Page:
Technology Supported Literacy Programs
HB513 Early Intervention Software Program Evaluation
The Utah State Legislature funded HB 513 Early Intervention Software Program (HB 513) to encourage literacy growth and achievement in Utah students in grades K-3. HB 513 offered Local Education Agencies (LEAs) throughout the state the option to select from five interactive computer software program providers with programs on reading instruction. To ensure that HB 513 was implemented as it was intended and that the program had the desired impact on students, the Utah State Office of Education (USOE) hired the Evaluation and Training Institute (ETI) to conduct a multi-year evaluation study. The primary goal of the HB 513 evaluation study was to describe the implementation of the early intervention software programs and to document the outcomes associated with school, teacher and individual student participation. ETI used a mixed-method evaluation design, which included surveys and interviews (primary source data) and analyses of secondary sources of data. Secondary sources of data included records of software usage and proprietary outcome data recorded by each of the five software vendors. In addition, ETI compared the literacy achievement of students in the early intervention program to a matched comparison group of students not in the programs (known as a “control group”) using student-testing results from school-based Dynamic Indicators of Basic Early Literacy Skills (DIBELS) Next data. ETI presented the evaluation findings to the Utah State Office of Education.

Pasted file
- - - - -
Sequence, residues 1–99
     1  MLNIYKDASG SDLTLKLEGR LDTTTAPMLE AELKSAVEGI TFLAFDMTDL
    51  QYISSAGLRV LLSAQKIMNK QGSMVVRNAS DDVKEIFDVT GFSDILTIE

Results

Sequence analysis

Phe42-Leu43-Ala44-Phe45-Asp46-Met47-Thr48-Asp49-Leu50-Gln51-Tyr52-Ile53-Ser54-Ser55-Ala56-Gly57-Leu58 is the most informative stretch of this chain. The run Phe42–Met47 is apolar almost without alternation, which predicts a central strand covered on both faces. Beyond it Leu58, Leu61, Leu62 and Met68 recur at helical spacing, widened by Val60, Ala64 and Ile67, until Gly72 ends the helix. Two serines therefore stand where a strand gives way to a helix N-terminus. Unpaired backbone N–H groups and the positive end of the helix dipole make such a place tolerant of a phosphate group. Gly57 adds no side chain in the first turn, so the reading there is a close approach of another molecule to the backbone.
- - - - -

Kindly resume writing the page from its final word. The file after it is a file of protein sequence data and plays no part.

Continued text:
Utah UPSTART Program Evaluation
ETI was contracted by the state of Utah to evaluate the UPSTART program, a computer-based preschool program which teaches children literacy skills. The evaluation consisted of: (1) evaluating the program’s effectiveness preparing children academically for success in school; and (2) testing the feasibility of scaling such a program to all preschool children in Utah. Using a posttest-only research design with repeated measures on nonequivalent groups, we compared outcomes for a group of children that experienced the UPSTART program with a group of children that had not experienced the early intervention program. To determine the feasibility of scaling the program, we converted descriptions of labor effort for achieving implementation to dollars per household unit costs and then extrapolated that to the population of preschool families estimated to have a future demand for home preschool using a computer assisted approach. A final report was written and submitted to the state of Utah including findings and recommendations.